Tuesday, 9 April 2013

Small wholemeal bloomers

I thought I'd try the same recipe with wholemeal flour as I use with white flour.  I love home made wholemeal but have a bit of a block about the hand made variety.  In my breadmaker  wholemeal comes out beautifully - light and risen with a great texture.  When I have attempted to make it from scratch myself the results have been good enough to build a house with.

However, I have been encouraged by the success of the Hollywood bloomer and decided I'd have a go with wholemeal and more or less the same recipe.  In fact, I added a touch (really, just a pinch) more yeast and a little more water, just because of past experience.

The initial rising was quicker (not quick - that's not the idea at all) and I used this technique to shape the dough, having divided it into two first.  Click on the link and start the video clip.  Neat, isn't it?  Speedy and simple.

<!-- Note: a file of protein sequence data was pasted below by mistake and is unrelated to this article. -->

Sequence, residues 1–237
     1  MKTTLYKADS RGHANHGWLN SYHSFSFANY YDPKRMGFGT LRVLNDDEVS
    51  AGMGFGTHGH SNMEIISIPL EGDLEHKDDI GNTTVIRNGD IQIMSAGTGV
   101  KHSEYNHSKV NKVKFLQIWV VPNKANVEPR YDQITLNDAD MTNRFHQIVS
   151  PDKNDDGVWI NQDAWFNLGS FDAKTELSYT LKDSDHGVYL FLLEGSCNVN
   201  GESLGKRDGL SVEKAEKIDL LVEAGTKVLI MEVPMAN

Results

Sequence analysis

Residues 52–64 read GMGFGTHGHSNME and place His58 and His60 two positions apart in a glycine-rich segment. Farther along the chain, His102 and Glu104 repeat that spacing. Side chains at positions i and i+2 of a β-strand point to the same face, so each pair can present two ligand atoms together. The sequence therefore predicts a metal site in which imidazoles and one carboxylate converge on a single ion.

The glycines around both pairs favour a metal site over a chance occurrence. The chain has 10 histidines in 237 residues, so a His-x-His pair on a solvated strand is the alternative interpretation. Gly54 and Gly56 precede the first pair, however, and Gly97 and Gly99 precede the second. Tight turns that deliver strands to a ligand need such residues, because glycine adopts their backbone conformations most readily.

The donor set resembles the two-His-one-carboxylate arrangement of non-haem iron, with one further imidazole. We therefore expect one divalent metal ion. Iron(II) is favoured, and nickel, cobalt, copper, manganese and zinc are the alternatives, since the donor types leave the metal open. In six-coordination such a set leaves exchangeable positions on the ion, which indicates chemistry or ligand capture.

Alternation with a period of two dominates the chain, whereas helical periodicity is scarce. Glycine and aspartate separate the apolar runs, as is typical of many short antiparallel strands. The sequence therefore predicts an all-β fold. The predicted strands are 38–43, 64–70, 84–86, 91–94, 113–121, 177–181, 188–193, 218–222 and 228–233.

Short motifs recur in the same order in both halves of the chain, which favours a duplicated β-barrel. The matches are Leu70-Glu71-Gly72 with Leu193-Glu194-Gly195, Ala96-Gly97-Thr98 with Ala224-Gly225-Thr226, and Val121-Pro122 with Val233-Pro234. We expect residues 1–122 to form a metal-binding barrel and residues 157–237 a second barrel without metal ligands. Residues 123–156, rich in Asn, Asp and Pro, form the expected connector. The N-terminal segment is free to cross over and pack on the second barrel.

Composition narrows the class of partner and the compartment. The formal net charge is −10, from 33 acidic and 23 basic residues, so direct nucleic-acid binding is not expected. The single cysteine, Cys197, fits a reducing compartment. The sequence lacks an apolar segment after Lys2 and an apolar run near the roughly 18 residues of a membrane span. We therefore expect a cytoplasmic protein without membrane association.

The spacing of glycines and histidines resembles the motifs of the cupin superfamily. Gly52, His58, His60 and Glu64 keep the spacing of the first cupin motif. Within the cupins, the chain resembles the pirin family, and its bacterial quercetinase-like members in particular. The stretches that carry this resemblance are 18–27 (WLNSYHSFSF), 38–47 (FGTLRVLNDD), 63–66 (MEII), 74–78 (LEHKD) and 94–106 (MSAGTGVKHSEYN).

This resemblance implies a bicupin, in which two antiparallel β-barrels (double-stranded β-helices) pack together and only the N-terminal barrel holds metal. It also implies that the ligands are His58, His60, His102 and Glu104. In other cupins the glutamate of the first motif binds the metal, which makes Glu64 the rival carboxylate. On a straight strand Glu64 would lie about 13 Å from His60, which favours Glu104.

And here's the results.  I'm pleased with these.

Lovely texture - and it tasted rather good too!
I have wasted some time today costing out these loaves.  At a rough (very, very rough) estimate, the white bloomer made with white flour costs me around 44p plus the cost of baking while the wholemeal is around 71p.  The difference is partly because I had a really big bag of Allinson's strong white which is much better value than the smaller bag of Allinson's wholemeal.  I costed sachets of yeast whereas I use a packet of Dove yeast which is a lot cheaper.  If I used supermarkets own flour I reckon it would be less than that.

So each of these little loaves is around 35p.  Mind you, my maths isn't brilliant and I will cost it all out properly after a visit to Morrison's, using current prices.  But what I do know it that this really lovely bread is great value!

By the way, the ingredients are:
500g strong flour plus more for flouring before baking
A good tsp salt
a 7g sachet dried yeast (plus another pinch if making wholemeal)
30g oil plus a bit more for kneading and oiling the bowl
300g water (320 for wholemeal) plus a bit more if the dough needs it.

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